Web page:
Friday, December 17, 2010

The Nativity

 (click to enlarge)
Edward Burne-Jones
(British, 1833-1898)
The Nativity, 1888
Oil on canvas
Called The Nativity, its true subject is the redemption of mankind through cycles of birth, death, and rebirth exemplified by the life of Christ. The somber mood of the scene results not only from muted coloring and static figures, but also from many symbols of death: the crown of thorns, chalice, and urn; the shroudlike garments; and the draping of the manger reminiscent of a bier. The Latin inscription refers to the Resurrection: Because of the misery of the poor and the groaning of the needy, now will I arise, saith the Lord. As in the unusual iconography of The King and the Shepherd, nearby, this inscription is a subtle allusion to the social miseries of Victorian Britain.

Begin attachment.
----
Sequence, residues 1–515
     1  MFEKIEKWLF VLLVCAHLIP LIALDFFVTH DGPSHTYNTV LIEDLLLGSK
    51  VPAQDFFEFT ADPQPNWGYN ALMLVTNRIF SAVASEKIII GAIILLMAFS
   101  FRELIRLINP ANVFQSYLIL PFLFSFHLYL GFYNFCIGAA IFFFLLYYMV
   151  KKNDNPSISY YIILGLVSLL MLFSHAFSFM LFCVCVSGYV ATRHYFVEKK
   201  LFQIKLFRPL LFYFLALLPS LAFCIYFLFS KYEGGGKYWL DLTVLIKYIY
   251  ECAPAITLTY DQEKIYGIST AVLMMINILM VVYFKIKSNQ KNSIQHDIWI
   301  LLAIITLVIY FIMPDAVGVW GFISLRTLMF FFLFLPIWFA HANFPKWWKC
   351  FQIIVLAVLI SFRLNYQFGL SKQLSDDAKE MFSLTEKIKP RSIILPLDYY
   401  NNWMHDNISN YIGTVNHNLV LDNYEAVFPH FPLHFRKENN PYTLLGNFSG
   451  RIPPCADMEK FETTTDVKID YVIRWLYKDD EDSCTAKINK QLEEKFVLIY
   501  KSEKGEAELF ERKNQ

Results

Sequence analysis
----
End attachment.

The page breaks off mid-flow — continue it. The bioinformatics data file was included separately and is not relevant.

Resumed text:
from the website of the Carnegie Museum of Art


  1. Absolutely positively amazing and beautiful. Perhaps my favorite painting of the nativity ever now.

  2. simply stunning. I am familiar, and already fond of, his painting The Star of Bethlehem depicting the visit of the Magi, and the monochromatic (in blue) Nativity painting...but this is so different! I love how it shows the intimate, inherent connection between the Incarnation and the Passion. :) I love the explanation. How wonderful indeed. Thank you so much for sharing!

  3. And I was worried this painting wouldn't be liked because of how somber it is! I'm so glad you all like it as much as I do. :)